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Opus in profectus

# X-rays

## Practice

### practice problem 1

The US Department of Energy's Linac Coherent Light Source (LCLS) in Menlo Park, California was the world's most powerful x-ray laser when it opened for business in 2009. The LCLS generates x-rays from a beam of electrons accelerated from zero to 99.9999999 per cent the speed of light in 3.2 km. The central tube of this linear accelerator or linac is the straightest object in the world and lies beneath the longest building in the United States. The beamline ends at a 100 m long series of alternating magnets called an undulator where the electrons slalom back and forth in a synchronized fashion generating coherent x-rays. The pulses are quick enough (t < 100 fs) that ultrafast events can be captured and the x-rays are short enough (λ = 0.15 nm) that ultrasmall objects can be imaged. By stringing together sequences of ultrafast, ultrasmall images the LCLS is effectively a movie camera for individual molecules.

Determine the following quantities for the LCLS…

1. the length of a pulse
2. the number of wavelengths in a pulse
3. the energy of a single x-ray photon in the laser beam
4. the energy of a single electron in the linac
5. the number of photons produced by one electron assuming 100% efficiency
6. the power of a single x-ray pulse if it contains about a trillion photons (n = 1012)
7. the average power of the x-ray beam if it pulses 120 times per second

#### solution

1. This is a good, simple problem to begin with. Distance is speed times time.

 ∆s = v∆t∆s = (3.00 × 108 m/s)(100 × 10−15 s)∆s = 3.00 × 10−5 m

Compare this to the thickness of a piece of paper or the diameter of a human hair. This is a very short distance.

2. The number of wavelengths in a pulse is the length of a pulse divided by the length of a wave.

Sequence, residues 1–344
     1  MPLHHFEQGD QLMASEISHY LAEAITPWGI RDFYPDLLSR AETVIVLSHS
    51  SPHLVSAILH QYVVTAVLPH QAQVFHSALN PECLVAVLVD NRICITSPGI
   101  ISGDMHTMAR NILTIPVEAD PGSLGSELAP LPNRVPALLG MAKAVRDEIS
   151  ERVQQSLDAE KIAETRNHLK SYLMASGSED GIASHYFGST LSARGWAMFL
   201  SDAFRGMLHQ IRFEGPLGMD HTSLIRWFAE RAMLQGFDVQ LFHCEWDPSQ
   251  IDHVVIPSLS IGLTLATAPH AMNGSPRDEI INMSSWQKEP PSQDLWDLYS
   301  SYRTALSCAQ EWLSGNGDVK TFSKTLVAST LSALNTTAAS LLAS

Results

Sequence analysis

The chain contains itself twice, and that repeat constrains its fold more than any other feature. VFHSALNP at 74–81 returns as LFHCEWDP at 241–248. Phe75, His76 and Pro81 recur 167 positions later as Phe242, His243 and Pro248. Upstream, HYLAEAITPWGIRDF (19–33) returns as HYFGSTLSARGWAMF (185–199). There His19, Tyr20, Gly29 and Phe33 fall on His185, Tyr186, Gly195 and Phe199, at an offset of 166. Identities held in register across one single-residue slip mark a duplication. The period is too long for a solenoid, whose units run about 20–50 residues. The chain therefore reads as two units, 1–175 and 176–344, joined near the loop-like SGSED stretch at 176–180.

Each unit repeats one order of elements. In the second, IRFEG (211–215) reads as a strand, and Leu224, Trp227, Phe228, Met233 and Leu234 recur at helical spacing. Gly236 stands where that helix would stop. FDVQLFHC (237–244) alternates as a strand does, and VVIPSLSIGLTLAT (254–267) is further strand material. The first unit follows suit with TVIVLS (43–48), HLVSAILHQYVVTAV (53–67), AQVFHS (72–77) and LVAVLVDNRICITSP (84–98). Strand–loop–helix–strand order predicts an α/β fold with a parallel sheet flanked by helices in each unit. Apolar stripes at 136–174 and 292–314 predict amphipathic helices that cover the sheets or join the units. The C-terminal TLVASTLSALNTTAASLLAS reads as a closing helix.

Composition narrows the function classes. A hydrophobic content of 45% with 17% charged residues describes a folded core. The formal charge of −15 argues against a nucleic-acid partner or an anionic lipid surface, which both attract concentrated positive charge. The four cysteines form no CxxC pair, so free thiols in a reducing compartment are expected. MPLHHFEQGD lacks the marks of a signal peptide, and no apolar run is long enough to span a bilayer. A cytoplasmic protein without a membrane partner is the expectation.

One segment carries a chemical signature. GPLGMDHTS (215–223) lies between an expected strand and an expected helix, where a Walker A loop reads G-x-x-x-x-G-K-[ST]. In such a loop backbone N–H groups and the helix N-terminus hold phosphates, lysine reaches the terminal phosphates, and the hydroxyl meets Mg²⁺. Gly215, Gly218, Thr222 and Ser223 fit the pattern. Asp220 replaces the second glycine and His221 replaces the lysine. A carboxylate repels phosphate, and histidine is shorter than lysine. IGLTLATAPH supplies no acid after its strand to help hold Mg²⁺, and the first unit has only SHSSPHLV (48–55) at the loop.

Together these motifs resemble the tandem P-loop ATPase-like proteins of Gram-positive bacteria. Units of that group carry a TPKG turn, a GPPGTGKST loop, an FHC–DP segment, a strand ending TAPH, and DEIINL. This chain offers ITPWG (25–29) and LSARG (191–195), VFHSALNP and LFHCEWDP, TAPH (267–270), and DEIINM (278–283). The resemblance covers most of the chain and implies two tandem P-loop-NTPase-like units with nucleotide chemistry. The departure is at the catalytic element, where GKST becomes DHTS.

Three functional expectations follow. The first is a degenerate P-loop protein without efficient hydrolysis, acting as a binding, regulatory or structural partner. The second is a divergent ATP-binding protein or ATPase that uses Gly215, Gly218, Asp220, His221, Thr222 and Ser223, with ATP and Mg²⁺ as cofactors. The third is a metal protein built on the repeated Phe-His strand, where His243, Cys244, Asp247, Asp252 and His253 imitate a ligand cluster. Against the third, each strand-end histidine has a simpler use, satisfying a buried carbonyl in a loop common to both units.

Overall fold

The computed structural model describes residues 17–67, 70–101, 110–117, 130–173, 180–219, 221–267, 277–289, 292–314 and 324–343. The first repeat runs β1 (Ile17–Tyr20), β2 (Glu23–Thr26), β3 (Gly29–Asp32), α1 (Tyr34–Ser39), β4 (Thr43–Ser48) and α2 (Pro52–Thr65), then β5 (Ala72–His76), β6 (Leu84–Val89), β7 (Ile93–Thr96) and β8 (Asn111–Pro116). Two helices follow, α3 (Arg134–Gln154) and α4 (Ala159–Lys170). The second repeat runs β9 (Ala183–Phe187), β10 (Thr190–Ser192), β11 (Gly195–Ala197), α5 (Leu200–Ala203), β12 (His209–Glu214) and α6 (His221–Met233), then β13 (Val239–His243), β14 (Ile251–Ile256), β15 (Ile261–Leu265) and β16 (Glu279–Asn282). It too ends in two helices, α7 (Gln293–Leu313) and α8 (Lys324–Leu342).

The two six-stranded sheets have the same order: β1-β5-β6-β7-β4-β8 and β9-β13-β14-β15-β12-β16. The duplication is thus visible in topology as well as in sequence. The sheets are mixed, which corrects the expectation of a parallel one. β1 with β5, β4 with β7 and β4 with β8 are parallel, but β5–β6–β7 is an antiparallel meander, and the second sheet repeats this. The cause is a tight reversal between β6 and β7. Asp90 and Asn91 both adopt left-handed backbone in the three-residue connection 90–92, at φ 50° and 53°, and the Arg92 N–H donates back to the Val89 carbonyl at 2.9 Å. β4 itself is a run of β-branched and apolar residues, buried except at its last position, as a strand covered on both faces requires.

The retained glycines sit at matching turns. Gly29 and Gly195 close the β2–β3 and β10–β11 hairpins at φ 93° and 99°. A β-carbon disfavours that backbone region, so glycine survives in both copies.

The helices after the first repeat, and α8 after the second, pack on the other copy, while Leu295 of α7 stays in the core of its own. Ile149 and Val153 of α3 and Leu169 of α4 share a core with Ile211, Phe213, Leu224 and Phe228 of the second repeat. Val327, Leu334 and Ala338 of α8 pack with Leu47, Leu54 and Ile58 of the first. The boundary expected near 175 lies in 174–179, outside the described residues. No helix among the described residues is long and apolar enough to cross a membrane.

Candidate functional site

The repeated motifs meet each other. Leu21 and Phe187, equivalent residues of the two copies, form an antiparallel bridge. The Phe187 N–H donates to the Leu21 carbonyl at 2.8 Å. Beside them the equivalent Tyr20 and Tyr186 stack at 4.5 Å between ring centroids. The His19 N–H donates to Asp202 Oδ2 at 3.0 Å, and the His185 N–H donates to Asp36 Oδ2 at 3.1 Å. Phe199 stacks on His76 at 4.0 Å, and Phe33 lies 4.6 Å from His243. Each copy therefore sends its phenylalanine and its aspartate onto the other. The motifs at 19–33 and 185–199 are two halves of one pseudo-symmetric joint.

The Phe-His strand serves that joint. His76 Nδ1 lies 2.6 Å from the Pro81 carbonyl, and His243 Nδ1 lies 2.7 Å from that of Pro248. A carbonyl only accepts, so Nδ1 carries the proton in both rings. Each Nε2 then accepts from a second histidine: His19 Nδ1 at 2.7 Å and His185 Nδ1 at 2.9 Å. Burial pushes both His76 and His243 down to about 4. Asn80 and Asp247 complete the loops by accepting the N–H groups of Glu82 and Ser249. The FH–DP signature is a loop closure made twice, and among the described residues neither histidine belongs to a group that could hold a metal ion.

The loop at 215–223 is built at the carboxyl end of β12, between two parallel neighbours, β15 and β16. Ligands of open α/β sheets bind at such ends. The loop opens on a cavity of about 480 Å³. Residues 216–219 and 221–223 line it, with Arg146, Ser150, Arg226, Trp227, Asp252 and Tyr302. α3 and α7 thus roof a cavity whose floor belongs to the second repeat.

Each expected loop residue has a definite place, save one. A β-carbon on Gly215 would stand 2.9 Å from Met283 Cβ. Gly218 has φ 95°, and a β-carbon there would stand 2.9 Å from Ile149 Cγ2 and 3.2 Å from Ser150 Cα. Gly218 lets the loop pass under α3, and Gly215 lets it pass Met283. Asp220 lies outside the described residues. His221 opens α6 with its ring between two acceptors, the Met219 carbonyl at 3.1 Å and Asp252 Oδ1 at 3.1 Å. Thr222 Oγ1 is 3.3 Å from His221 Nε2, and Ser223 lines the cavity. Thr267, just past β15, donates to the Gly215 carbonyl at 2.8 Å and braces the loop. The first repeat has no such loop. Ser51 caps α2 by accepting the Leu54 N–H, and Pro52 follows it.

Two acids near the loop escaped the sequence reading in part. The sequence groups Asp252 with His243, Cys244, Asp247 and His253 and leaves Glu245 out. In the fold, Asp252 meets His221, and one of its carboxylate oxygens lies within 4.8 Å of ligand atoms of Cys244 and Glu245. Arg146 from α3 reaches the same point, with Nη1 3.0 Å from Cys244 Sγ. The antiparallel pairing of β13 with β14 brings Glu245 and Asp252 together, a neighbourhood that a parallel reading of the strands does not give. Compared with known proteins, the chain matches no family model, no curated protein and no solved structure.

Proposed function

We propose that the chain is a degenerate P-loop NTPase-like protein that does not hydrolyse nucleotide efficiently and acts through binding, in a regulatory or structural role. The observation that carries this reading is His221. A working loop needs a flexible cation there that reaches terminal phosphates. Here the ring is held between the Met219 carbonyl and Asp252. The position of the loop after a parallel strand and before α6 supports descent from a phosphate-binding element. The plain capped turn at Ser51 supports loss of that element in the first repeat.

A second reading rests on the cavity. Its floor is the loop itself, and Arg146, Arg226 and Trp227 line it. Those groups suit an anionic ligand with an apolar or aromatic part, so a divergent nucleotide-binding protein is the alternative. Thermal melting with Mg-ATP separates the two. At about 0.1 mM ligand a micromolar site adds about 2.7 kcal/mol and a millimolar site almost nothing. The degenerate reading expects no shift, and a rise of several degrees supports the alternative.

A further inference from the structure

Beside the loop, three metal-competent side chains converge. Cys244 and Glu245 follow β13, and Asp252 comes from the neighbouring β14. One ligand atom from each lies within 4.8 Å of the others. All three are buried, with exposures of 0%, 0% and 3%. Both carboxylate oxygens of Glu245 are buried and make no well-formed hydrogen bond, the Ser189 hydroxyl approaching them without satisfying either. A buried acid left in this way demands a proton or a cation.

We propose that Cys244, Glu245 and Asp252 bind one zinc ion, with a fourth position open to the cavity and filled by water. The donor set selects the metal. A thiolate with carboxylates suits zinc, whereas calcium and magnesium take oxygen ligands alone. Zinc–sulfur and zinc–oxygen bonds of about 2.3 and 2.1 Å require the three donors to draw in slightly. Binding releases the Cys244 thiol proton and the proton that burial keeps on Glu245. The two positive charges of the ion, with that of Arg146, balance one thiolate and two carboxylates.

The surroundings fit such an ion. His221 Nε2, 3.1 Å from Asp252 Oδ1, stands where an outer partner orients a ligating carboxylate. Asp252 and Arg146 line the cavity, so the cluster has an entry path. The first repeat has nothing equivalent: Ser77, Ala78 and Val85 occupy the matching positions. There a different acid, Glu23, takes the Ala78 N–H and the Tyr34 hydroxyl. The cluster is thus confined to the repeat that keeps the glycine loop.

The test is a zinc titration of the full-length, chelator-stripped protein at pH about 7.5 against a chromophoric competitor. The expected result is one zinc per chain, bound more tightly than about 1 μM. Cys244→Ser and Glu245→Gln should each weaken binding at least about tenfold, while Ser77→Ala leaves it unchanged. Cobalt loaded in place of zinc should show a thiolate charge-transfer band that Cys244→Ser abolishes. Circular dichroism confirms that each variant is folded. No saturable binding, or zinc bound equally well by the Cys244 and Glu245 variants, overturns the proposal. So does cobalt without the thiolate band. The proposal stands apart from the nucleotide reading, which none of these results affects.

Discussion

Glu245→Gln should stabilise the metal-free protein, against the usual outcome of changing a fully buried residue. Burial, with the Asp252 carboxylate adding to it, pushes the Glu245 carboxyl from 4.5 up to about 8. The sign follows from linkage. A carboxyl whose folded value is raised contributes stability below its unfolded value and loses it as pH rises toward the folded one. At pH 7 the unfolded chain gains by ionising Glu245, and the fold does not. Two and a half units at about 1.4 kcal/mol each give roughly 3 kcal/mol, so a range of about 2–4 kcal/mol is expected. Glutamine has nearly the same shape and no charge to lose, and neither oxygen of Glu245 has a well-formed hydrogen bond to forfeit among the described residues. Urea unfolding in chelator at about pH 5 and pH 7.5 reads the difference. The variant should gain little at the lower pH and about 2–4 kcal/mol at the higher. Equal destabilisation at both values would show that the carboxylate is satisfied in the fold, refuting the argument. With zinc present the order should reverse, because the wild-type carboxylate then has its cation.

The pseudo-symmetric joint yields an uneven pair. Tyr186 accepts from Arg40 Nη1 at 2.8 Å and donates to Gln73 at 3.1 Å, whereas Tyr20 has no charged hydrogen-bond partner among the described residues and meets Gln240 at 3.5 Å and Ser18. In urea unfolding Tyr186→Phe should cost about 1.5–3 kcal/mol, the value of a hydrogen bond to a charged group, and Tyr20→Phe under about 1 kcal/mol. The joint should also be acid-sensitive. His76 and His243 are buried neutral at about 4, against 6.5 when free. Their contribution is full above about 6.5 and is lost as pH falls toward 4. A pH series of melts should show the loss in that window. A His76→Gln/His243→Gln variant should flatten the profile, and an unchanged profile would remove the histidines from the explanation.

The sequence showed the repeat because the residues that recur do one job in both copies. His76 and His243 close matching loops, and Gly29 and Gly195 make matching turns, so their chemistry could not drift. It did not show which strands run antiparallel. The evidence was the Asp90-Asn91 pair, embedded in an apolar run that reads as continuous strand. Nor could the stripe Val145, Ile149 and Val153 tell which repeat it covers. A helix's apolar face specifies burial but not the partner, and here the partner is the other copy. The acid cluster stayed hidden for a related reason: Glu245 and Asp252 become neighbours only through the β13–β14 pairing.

n = ∆s λ
 n = 3.00 × 10−5 m 0.15 × 10−9 m
 n = 200,000 wavelengths
3. There's one formula for this solution, but because there's two practical units for energy (the joule and the electronvolt) I'll solve it twice.

 E = hc λ
 E = 1.99 × 10−25 J m 0.15 × 10−9 m
 E = 1.33 × 10−15 J
 E = hc λ
 E = 1240 eV nm 0.15 nm
 E = 8.27 keV
4. These electrons are moving so fast we'll have to use the relativistic formula. Kinetic energy (K) is total energy (E) minus rest energy (E0).

 K = E − E0
 K = mc2 − mc2 √(1 − v2/c2)
 K = mc2 ⎛⎜⎝ 1 − 1 ⎞⎟⎠ √(1 − v2/c2)

Again, I'll compute two answers — once for each of the two energy units.

K = (9.11 × 10−31 kg)(3.00 × 108 m/s)2
 ⎛⎜⎝ 1 − 1 ⎞⎟⎠ √(1 − 0.9999999992)
K = 1.83 × 10−9 J

K = (0.511 MeV)
 ⎛⎜⎝ 1 − 1 ⎞⎟⎠ √(1 − 0.9999999992)
K = 11.4 GeV
5. Divide the energy of an electron by the energy of a photon to get the maximum number of photons produced by one electron. Use whichever units you wish.

 n = Eelectron Ephoton
 n = (1.83 × 10−9 J) or (11.4 GeV) (1.33 × 10−15 J) (8.27 keV)
n = 1,380,000 photons

6. Power in this case is the rate at which energy is transferred. The energy transferred by a pulse is the energy of a single photon times the number of photons in a pulse. We'll have to use the SI units for this part.

 Ppulse = Epulse t
 Ppulse = nphotonsEphoton t
 Ppulse = (1012)(1.33 × 10−15 J) 100 × 10−15 s
 Ppulse = 13.3 GW
7. Power is still the rate at which energy is transferred. The energy transferred per second is the energy of a single pulse times the number of pulses in a second. Use the SI units again.

 Paverage = Etotal t
 Paverage = npulsesnphotonsEphoton t
 Paverage = (120)(1012)(1.33 × 10−15 J) 1 s
 Paverage = 0.16 W

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